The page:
Viktor Yanukovych tried to conclude a “peace agreement” with the protesters, in which he promised, in particular, to investigate the crimes committed. On February 21, 2014, the parliament with an absolute majority of votes approved the law according to which the parliamentary-presidential republic was restored in Ukraine. However, the activists considered the agreement with the current authorities to be “blurring the eyes”, because being the organiser of violent crackdowns and shootings this authority proved its criminal nature.
On the night of February 21-22, 2014, Viktor Yanukovych fled Kyiv with his entourage. First, he went to Kharkiv, where, with the support of Russia, he tried to organise a congress to separate the eastern regions from Ukraine. However, the plan failed. Yanukovych and most members of his government fled to Russia.
During this transitional period, the Verkhovna Rada of Ukraine, the Presidential Administration, the Cabinet of Ministers, and the Ministry of Internal Affairs were controlled and guarded by Maidan participants. Deputies adopted a resolution on the self-removal of the President of Ukraine from the exercise of constitutional powers and scheduled extraordinary elections for May 25, 2014. Until that time, the duties of the president were performed by the speaker of the parliament Oleksandr Turchynov.
The investigations regarding those responsible for the crimes on the Maidan have not yet been completed, because sometimes the trials last for years. The first murders on the Maidan remain unsolved, including the murders of activists Serhiy Nigoyan, Mykhailo Zhiznevskyi, and Roman Senyk in January 2014.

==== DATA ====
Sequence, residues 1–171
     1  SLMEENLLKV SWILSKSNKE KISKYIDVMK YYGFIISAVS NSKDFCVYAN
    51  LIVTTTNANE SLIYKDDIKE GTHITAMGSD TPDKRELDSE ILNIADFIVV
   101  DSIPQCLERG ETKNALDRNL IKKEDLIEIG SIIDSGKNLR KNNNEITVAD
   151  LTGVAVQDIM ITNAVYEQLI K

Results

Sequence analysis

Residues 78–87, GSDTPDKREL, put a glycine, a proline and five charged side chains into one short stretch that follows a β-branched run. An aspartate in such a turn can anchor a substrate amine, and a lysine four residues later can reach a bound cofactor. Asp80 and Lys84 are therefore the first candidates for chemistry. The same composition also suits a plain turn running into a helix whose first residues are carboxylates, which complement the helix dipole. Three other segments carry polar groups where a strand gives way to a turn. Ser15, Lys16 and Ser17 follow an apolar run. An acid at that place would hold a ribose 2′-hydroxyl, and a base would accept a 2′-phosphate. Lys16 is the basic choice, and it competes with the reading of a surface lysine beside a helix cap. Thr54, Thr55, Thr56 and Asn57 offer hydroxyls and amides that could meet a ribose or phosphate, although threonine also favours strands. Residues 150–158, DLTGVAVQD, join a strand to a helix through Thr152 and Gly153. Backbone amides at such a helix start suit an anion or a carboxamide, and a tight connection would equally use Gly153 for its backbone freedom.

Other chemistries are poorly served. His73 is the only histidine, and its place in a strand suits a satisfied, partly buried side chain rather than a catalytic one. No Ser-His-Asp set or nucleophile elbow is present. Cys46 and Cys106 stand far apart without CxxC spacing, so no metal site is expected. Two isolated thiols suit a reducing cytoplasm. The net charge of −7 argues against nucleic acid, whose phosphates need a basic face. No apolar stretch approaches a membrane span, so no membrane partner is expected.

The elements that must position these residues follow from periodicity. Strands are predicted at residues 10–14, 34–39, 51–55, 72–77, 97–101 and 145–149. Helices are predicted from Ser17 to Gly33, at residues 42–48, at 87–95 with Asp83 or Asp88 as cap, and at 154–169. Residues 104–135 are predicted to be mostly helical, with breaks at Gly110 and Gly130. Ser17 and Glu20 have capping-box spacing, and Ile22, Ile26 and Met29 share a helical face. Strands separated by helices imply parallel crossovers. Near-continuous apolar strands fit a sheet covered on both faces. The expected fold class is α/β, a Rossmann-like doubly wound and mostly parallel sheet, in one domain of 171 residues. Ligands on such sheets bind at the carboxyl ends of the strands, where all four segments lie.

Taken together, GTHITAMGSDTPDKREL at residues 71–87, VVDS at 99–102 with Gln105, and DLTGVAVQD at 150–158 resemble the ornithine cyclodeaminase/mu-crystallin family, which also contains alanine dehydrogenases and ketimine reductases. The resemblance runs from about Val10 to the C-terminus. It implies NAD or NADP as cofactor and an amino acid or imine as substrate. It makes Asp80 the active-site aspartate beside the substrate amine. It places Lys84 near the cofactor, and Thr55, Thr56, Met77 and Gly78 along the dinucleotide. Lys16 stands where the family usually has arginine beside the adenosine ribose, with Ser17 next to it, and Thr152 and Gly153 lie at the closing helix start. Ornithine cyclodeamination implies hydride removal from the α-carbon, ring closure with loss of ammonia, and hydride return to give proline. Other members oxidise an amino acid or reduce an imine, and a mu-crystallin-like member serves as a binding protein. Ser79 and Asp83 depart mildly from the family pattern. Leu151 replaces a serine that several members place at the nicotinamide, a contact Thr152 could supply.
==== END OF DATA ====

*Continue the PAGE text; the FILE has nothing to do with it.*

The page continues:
This history (of the great Russian-Ukrainian war. — ed.) is not a few months old. It is more than 8 years old. The nation had just passed the Revolution of Dignity then. And it was after 2014 that the spirit of resistance and resilience was revived in Ukraine. The war did not start on February 24, 2022. It started in February 2014 after the Maidan”, — Nolan Peterson, the American journalist and military veteran who has been living in Ukraine since the summer of 2014.
The main geopolitical consequence of the Revolution of Dignity was the beginning of Ukraine’s exit from Russia’s zone of influence in the economic and political spheres and a decrease in dependence in the cultural aspect. The non-aligned status of Ukraine was canceled, which meant that it was not included in the international structures of collective security and defense.
For three months thousands of Ukrainians lived on Independence Square in Kyiv. The participants of the Revolution of Dignity created volunteer organisations and charitable foundations. For example, volunteers of the Euromaidan SOS public initiative provided round-the-clock legal and other assistance to protesters who were beaten, illegally arrested, subjected to torture, accused in fabricated criminal and administrative cases, as well as those whose relatives disappeared or died. During the Revolution of Dignity, the Zgraya volunteer group was also created. It worked with the military in eastern Ukraine in 2014-2015, and after the full-scale invasion, it helps not only the military, but also the civilian population.